That evening spread out for them like sand slowly leaking out of an hourglass – time out of time. As usual, they were alone in the crowded restaurant, content to let the world swirl around them. It was long after Vespers, so there weren’t any bells from Notre Dame, but even across the river, the floodlights on the cathedral shone through the trees and cast shivering shadows on their faces and over their table. It was a dinner made for lovers – several lazy courses, small bites, wine and conversation.
They had arrived nearly together from separate directions. Dreyfus by taxi directly from their hotel and Emily a two train transfer and a walk from St. Michel Metro station. Without reservations, it took a few minutes and some well-placed Euros to get an outside table. But with generosity established, the service was excellent. (All Parisian waiters instinctively know exactly when to be at your elbow and when to stay away.)
Dreyfus had spent the day shaping, reshaping and finally perfecting each detail of DeMonta’s plan until both men were satisfied. Now, DeMonta was probably asleep, and everything else was etched in stone. Dreyfus had made all the necessary telephone calls and the on-the-ground timetable was set to start the day after tomorrow. He was confident but still wary of the variables. Meanwhile, after her inadvertent discovery, Emily had spent the entire day in and around the Musee d’Art Moderne. After walking through the rooms again, she left and had lunch at Antoine, watching the traffic on Avenue de New York. After lunch, she bought a guide book and strolled around the museum several times; then, when the tourists thinned, bought a ticket and went back inside. She spent the last hour or so wandering and sitting, making certain she hadn’t made a mistake, until a friendly security guard told her the museum was closing and she had to leave.
“Of course. I’m sorry,” Emily said in more than acceptable French. “I’m keeping you from your dinner.”
“No, Madame,” the guard shrugged, “I’m here until eleven.”
Emily gave him a sad smile and tilted her head in sympathy. She gathered her purse and book, and they chatted as they walked to the entrance together. The guard more than pleased that a beautiful woman was interested in the hard work he did. As she walked to the Metro, she wondered how or even if she’d tell Sinclair what she’d found.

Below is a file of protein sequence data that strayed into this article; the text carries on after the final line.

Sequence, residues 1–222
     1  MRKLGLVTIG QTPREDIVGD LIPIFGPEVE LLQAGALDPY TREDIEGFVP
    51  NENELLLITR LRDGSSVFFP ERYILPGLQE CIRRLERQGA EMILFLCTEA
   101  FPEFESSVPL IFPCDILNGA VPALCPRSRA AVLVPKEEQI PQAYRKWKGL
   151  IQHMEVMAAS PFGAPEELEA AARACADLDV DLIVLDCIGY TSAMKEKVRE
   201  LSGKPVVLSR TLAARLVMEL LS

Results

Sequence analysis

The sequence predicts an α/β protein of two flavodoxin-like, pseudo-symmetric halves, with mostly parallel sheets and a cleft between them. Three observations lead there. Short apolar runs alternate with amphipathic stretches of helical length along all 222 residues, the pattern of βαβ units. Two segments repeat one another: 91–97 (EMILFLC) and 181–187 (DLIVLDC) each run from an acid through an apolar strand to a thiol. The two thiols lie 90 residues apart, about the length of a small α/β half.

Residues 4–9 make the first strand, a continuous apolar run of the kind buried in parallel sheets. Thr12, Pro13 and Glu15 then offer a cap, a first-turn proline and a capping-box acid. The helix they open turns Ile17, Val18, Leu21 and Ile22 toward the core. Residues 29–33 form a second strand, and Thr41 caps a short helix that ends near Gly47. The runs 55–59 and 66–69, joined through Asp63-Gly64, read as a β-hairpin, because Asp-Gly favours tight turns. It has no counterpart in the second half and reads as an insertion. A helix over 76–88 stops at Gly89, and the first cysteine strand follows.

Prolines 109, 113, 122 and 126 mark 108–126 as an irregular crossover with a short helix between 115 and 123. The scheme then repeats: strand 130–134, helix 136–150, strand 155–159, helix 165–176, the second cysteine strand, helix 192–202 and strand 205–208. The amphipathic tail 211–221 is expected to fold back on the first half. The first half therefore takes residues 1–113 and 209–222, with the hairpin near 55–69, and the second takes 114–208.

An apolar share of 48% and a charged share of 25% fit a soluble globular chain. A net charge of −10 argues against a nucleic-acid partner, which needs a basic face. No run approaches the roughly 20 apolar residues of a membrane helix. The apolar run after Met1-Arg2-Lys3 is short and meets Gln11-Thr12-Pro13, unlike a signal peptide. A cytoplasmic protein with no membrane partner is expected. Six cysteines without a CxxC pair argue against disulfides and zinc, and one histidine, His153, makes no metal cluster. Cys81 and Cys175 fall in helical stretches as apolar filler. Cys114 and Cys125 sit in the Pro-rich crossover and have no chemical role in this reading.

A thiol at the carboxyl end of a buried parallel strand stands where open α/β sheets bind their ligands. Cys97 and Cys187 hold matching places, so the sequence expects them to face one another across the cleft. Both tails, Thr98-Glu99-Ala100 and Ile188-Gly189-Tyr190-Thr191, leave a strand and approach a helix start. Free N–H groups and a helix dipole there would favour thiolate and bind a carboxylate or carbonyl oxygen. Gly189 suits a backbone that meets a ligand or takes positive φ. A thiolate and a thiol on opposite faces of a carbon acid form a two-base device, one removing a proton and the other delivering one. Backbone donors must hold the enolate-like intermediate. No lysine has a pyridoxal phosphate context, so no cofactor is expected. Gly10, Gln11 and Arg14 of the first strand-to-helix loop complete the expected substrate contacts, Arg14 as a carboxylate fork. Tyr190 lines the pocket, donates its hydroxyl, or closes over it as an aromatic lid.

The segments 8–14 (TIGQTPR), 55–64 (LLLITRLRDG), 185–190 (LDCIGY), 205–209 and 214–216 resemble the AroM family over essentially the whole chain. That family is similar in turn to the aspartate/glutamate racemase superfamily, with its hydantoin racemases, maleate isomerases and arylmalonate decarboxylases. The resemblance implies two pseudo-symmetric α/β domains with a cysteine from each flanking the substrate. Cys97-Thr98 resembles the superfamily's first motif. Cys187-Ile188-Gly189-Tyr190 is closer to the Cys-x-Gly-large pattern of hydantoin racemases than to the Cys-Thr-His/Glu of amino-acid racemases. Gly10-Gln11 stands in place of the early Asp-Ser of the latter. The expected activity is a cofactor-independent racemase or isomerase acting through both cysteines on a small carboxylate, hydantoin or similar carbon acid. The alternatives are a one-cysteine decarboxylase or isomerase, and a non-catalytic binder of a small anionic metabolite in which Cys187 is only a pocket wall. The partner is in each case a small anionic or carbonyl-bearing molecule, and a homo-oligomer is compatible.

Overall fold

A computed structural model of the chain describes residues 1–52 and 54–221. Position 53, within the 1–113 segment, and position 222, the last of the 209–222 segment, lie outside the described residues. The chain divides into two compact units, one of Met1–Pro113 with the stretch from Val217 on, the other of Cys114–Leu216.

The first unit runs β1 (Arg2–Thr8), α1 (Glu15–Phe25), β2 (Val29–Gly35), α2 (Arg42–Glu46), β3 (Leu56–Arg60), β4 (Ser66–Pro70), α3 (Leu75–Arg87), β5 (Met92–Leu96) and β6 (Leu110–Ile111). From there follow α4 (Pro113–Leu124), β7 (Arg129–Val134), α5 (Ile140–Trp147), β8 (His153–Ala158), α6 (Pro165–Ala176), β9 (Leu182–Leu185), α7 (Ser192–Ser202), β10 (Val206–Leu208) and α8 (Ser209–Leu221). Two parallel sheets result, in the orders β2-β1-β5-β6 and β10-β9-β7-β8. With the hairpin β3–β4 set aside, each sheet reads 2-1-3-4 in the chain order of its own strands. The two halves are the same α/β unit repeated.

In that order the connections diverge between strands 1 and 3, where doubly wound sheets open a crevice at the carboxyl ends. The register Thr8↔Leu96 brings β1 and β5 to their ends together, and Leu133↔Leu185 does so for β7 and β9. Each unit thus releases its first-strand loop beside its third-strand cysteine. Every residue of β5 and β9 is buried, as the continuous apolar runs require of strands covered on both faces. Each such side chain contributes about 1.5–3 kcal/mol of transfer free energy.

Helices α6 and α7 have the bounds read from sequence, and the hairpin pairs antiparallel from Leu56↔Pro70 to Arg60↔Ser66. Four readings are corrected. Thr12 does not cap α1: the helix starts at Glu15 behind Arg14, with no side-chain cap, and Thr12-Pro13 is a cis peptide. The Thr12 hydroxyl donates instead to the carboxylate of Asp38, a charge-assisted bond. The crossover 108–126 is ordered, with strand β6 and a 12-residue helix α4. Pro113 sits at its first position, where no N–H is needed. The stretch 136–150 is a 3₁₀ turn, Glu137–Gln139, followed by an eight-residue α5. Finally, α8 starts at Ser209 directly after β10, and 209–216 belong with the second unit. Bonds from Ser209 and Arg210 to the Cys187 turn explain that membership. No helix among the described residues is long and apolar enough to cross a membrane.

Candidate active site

At the restaurant, after the fish they decided on gateau au chocolate facon grand-mere with two forks for dessert and, breaking tradition, red wine with their coffee.
While they waited: “Are you really going to go through with this?” Emily asked. “Do you really think you and that old man can rob a gallery?”
Dreyfus lifted his glass. He wasn’t sure he wanted this conversation, but he knew Emily well enough to know he was going to have it anyway.
“I told you I owe him — a lot. And Marta too. Especially Marta. We go way back. They were very good to me. When I was a kid, I got into a bunch of trouble…”
“I don’t want to hear it!” Emily interrupted.
“And they straightened it out. They vouched for me when they didn’t have to, and they treated me right. Without them … I don’t know. Now, they’re old and sick and what am I going to do — walk away? She could be in prison for the rest of her life. And Simon? He’s lost without her. You heard him last night.”
“He’s a sweet old guy, but …” Emily shook her head, “I swear to God if you go to jail, Sinclair …”
“I’m not going to jail. I’m not even going to be anywhere near.”
Emily thought about it. “Are you lying to me again?”
“I’m not.” There was a pause. “Well, maybe a little bit, but I’m not going to go to jail.”
Emily turned her eyes to the shining cathedral. Then she leaned over to the next table. “Excusez-moi, monsieur. Une cigarette, s’il vous plait?”
Emily opened her purse. The man waved his hand and handed her the package. She opened it, took a cigarette and lit it with his lighter. “Merci.”
“Pas de quoi,” the man said, without looking.
Emily turned back to Dreyfus with a serious look-what-you-made-me-do glance.
Dreyfus exhaled, hoping the cake would show up soon.
“C’mon, Sinclair. You don’t know anything about this. You’re an insurance adjuster, not an art thief.”
Dreyfus raised his eyebrows, pulled his head back slightly in disbelief and gave her a thin-lipped smile.
“Okay,” she said pointing, “But you know what I mean.”
“Look, Simon is one of the best planners in the business. And Sydney …
Dreyfus put both hands up. “Not Sydney himself. His crew. Or something. His people. You know Sydney. Don’t ask too many questions. They’re doing the heavy lifting. And those boys don’t make mistakes.”
Emily had to agree with that, but all she said was, “God! Sydney? And where are you going to be while all this is going on?”
“I’m just there to make sure nothing goes wrong. That’s all.”
Before Emily could answer, the cake arrived and the coffee and the wine. The waiter showed Dreyfus the bottle. With two fingers, Dreyfus directed him to Emily. He turned, uncorked it and poured. Emily drank.
The waiter poured both glasses, put the bottle on the table and left. Emily dropped the cigarette on the sidewalk.
“Alright. Let’s have some cake.”
Emily knew the tone.
“You’re crazy,” she said, suddenly making up her mind. It was a way out if she could make it work, but either way, Sinclair didn’t really need to know right now. It would only complicate things.
Dreyfus lifted his wine glass: “To crazy!”
Emily smiled. She lifted her glass: “To crazy,” she said, thinking just how crazy it had all become.
They drank. And in the beautiful half-light night, they ate cake.